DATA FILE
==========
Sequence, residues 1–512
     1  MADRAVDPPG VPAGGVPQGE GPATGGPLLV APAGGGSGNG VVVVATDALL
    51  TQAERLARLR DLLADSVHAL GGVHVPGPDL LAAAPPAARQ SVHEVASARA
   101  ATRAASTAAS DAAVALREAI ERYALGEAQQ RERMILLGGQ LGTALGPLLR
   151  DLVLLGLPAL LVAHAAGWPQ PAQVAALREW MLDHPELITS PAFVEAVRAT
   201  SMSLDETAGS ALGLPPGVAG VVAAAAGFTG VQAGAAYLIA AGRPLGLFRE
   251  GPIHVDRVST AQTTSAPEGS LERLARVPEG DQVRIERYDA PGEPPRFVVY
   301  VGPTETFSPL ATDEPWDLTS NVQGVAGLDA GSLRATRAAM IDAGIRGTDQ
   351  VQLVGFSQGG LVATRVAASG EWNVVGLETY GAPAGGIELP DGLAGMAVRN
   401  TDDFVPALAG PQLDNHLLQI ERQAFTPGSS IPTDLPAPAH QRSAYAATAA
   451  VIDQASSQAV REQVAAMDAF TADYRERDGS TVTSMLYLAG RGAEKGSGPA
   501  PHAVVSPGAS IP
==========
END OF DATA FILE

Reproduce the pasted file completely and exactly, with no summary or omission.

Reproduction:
Sequence, residues 1–512
     1  MADRAVDPPG VPAGGVPQGE GPATGGPLLV APAGGGSGNG VVVVATDALL
    51  TQAERLARLR DLLADSVHAL GGVHVPGPDL LAAAPPAARQ SVHEVASARA
   101  ATRAASTAAS DAAVALREAI ERYALGEAQQ RERMILLGGQ LGTALGPLLR
   151  DLVLLGLPAL LVAHAAGWPQ PAQVAALREW MLDHPELITS PAFVEAVRAT
   201  SMSLDETAGS ALGLPPGVAG VVAAAAGFTG VQAGAAYLIA AGRPLGLFRE
   251  GPIHVDRVST AQTTSAPEGS LERLARVPEG DQVRIERYDA PGEPPRFVVY
   301  VGPTETFSPL ATDEPWDLTS NVQGVAGLDA GSLRATRAAM IDAGIRGTDQ
   351  VQLVGFSQGG LVATRVAASG EWNVVGLETY GAPAGGIELP DGLAGMAVRN
   401  TDDFVPALAG PQLDNHLLQI ERQAFTPGSS IPTDLPAPAH QRSAYAATAA
   451  VIDQASSQAV REQVAAMDAF TADYRERDGS TVTSMLYLAG RGAEKGSGPA
   501  PHAVVSPGAS IP